BOE begins Nov. 3 canvass

MIAMI COUNTY — The Miami County Board of Elections began its official canvass of the Nov. 3 General Election on Monday.

The board finalized the canvass process on Tuesday after they reconvened from their Monday recess.

On Monday, the board reviewed the additional absentee ballots received by the Nov. 13 deadline and provisional ballots.

Following a review of the 1,287 ballots, 1,060 ballots were approved, 223 were rejected and four were scanned and counted in error due to voter error.

Director Laura Bruns said the checklist that accompanied the absentee ballots helped minimize the errors of validating identification, address, and other verification steps.

“There was that checklist on the back and it was surprising how many people actually checked each thing off. They actually looked at the back before they sent the ballot, so that’s good,” Bruns said.

Five voters in Miami County were found to have voted both in-person and by absentee ballot. Board member Audrey Gillespie made a motion for those five voters’ information to be forwarded to the Miami County Prosecutor’s Office for their “double vote.” The motion was approved with board member Jim Oda abstaining from the vote.

Four voters also inserted their provisional ballots into the scanner that feeds into the ballot boxes at the polls instead of handing them back to a poll worker in the provisional envelope.

A provisional ballot is used to record a vote if a voter’s eligibility is in question and the voter would otherwise not be permitted to vote at his or her polling place. The content of a provisional ballot is no different from a regular ballot, but it is cast “provisionally” until election officials can verify the voter’s eligibility to vote in the particular precinct at that election.

Those four provisional ballots were counted on Election Day due to being submitted in the ballot box before being collected by elections staff for verification. Bruns said the incidents happened in different polling locations. While elections officials were notified when the issue happened, once the ballot is in the ballot box, there’s nothing that can be done other than note the error.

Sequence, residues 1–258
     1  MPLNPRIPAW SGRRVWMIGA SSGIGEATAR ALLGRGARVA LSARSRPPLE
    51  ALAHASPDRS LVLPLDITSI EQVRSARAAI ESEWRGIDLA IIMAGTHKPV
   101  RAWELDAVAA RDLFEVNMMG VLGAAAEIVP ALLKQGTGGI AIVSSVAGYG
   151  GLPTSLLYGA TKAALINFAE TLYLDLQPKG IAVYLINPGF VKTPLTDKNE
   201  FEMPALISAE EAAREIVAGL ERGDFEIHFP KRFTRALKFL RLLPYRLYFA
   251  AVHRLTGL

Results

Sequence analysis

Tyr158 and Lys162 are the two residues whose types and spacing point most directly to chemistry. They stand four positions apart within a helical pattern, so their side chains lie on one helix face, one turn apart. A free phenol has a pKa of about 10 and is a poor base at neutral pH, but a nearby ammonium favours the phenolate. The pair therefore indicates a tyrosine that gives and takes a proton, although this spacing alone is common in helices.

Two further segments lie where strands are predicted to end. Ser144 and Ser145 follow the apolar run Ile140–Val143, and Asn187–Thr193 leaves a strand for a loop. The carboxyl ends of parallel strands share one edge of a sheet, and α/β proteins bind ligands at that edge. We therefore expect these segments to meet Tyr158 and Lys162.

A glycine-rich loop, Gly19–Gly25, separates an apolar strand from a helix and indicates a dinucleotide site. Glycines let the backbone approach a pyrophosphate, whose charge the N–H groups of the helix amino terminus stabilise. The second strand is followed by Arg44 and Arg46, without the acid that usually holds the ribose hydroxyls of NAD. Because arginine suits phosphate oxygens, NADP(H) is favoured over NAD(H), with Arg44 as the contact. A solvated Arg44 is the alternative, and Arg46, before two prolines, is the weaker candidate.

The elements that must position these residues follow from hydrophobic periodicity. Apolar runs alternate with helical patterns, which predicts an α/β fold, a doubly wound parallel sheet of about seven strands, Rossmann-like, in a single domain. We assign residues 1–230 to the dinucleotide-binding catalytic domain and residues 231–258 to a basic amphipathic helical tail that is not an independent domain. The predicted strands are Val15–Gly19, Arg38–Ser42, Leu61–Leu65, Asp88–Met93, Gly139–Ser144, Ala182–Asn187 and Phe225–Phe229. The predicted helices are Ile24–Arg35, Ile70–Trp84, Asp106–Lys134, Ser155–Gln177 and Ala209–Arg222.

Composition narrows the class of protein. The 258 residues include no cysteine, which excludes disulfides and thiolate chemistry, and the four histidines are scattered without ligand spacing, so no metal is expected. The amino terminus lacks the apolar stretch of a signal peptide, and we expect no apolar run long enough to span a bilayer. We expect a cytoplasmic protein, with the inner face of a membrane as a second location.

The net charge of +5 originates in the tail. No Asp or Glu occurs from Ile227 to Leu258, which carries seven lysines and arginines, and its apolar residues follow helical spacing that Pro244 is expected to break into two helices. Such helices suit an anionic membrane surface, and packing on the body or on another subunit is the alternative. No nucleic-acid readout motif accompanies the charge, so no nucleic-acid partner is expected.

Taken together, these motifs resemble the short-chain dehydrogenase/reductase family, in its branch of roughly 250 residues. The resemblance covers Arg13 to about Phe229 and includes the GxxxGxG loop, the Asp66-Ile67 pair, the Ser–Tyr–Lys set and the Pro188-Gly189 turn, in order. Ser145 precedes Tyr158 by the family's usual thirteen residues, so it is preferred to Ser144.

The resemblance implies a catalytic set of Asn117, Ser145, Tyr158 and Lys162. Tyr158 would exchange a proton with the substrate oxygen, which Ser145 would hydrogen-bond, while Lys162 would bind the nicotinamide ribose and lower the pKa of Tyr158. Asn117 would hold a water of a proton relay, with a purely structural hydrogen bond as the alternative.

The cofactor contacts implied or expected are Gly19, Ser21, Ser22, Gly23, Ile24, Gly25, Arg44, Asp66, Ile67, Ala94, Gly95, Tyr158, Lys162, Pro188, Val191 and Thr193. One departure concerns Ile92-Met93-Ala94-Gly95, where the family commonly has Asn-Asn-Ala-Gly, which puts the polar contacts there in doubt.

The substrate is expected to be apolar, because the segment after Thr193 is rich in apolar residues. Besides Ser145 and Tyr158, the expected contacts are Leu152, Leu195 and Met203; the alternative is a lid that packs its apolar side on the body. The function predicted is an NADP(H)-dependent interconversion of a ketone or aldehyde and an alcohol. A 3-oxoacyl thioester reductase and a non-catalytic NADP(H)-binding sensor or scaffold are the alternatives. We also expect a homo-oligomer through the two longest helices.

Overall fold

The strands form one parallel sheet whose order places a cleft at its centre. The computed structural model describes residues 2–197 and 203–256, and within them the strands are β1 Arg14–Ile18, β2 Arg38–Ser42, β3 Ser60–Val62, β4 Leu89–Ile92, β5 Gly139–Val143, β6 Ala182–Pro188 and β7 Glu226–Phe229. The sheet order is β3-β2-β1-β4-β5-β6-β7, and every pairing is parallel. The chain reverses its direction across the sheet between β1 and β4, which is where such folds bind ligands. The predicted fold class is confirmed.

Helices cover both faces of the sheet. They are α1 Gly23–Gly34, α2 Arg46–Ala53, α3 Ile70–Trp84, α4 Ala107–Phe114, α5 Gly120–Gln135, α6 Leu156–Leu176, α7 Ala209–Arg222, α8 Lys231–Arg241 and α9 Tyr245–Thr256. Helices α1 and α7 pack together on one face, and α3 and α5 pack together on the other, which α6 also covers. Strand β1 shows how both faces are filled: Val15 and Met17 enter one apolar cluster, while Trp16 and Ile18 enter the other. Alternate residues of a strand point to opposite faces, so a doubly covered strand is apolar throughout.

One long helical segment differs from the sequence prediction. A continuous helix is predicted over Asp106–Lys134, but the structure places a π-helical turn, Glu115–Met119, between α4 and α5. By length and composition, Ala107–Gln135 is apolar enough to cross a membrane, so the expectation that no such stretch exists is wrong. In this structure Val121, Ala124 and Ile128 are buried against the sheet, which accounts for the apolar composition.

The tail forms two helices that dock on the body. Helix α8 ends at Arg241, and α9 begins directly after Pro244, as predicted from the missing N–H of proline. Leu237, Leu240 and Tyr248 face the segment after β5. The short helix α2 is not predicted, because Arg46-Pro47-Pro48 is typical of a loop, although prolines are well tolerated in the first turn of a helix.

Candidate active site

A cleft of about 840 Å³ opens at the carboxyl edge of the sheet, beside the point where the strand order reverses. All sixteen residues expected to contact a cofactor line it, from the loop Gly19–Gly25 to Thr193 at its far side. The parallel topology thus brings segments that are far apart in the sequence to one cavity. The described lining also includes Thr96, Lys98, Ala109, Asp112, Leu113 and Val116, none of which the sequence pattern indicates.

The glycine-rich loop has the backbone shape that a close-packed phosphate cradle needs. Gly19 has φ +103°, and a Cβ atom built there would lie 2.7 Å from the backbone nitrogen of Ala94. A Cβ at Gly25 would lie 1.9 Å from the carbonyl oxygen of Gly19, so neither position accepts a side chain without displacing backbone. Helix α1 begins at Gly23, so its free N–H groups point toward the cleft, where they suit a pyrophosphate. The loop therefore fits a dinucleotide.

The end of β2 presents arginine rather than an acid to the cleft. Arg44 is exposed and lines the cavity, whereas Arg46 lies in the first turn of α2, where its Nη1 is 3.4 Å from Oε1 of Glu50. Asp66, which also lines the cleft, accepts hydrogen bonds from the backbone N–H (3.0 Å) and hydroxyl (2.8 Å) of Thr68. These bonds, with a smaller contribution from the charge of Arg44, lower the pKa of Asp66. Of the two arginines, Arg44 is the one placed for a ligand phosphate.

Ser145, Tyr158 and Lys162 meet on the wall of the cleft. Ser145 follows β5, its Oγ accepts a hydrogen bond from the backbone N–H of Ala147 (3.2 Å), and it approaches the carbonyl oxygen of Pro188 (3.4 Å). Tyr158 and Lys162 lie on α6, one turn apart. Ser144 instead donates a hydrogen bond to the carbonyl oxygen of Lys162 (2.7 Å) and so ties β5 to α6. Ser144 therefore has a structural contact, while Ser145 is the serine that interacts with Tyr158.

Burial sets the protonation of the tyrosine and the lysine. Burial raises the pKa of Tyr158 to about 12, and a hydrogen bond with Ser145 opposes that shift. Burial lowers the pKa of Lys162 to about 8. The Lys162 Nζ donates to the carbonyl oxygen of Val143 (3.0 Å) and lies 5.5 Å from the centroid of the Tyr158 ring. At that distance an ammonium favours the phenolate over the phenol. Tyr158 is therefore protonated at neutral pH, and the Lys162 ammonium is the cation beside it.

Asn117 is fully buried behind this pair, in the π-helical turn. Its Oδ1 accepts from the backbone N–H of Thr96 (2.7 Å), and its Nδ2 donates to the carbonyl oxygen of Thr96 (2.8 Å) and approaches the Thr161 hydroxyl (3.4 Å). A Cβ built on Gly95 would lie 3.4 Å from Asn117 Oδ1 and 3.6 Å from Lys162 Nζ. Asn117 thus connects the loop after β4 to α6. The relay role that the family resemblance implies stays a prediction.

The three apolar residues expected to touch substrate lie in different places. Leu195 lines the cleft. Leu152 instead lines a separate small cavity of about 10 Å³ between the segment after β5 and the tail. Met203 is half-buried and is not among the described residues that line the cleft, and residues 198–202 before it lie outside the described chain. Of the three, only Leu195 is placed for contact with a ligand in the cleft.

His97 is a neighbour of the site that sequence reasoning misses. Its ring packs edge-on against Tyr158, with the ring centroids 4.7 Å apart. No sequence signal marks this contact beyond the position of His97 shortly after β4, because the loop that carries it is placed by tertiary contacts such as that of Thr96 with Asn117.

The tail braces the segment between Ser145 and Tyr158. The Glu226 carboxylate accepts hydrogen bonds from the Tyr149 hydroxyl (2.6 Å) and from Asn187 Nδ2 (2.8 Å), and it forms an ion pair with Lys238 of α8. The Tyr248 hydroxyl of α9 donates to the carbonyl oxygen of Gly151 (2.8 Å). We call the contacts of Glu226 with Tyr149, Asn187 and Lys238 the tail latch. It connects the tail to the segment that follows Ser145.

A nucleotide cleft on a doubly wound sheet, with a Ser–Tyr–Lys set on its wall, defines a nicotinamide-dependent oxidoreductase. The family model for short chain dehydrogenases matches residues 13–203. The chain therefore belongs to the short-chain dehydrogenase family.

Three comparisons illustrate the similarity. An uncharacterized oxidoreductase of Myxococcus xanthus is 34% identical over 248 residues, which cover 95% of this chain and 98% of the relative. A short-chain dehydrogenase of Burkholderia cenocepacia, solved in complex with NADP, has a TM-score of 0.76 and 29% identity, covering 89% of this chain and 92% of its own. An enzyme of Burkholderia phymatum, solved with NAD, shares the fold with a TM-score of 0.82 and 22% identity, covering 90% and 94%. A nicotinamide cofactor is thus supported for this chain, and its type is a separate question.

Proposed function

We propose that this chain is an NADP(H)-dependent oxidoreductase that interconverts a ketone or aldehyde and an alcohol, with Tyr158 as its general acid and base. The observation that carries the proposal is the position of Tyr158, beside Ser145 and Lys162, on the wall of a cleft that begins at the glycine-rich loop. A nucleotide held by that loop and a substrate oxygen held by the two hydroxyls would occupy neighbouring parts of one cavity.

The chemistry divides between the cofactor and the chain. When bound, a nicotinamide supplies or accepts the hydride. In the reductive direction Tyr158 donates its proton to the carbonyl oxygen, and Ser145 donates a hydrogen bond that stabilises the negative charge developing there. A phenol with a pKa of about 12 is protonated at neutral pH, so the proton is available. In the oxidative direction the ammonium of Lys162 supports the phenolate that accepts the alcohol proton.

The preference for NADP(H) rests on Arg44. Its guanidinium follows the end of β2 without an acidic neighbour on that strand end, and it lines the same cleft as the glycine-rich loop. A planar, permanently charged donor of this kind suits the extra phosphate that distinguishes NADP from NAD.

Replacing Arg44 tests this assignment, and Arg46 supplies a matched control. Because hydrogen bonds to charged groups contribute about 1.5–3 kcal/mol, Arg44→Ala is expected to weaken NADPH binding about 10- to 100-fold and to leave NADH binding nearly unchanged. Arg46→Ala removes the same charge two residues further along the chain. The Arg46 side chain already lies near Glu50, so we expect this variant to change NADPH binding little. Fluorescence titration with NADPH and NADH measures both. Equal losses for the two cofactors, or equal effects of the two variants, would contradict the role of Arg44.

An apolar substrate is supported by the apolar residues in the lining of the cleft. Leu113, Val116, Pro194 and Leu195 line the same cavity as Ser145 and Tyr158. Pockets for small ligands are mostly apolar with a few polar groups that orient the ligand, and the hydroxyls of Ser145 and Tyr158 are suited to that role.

Approximately 76 percent of Miami County registered voters turned out to vote in the 2020 general election.

Miami County added 3,211 more registered voters to its list compared to the 2016 General Election and approximately 4,480 more votes were cast compared to 2016 in this year’s General Election.

In the 2016 November General Election, Miami County had 72,259 registered voters with 52,763 casting votes in that presidential election — or 73 percent voter participation.

According to Nov. 3 data, 15,482 absentee votes were cast in Miami County; 21,132 early votes were cast; and 20,629 votes were cast on Election Day for a total of 57,243 ballots cast out of 75,470 registered voters, or 75.85 percent of registered voters, turned out for the 2020 General Election.

Some examples of absentee and provisional ballots that were rejected:

• 2 absentee ballots were returned with no identification or its stub to track identification

• 23 absentee voters failed to “cure” or fix their ballots after they were contacted by mail to do so

• 11 absentee ballots were returned without an ID envelope, no ballot inside the ID envelope or voters who removed the ballot stub

• As of Friday, 26 total late absentee ballots were received after the deadline and deemed uncountable due to their postmark after the deadline of Nov. 2

• 181 provisional ballots were from voters not registered anywhere in Ohio. Those voters will be entered into the registration system, but their ballots will not count.

• 15 voters were registered in the county, but at the wrong polling location

• 12 voters provided no identification, address, or date of birth

Some examples of absentee and provisional ballots that were approved:

• 221 voters moved to Miami County, registered to vote in Ohio, but didn’t provide an address change

• 475 voters had moved within the county and their ballots were approved

• 15 provisional ballots were from voters who had been “scrubbed” off the registration rolls due to the lack of voting participation. As long as those voters had not moved from their original registered address, they were approved.

• 57 absentee ballots were received with the correct postmark on or before Nov. 2 and were able to be counted because they were received by the Nov. 13 deadline.

• 13 provisional ballots were rejected due to incomplete ballots

• 208 voters that had requested an absentee ballot, voted in-person on Election Day with a provisional ballot.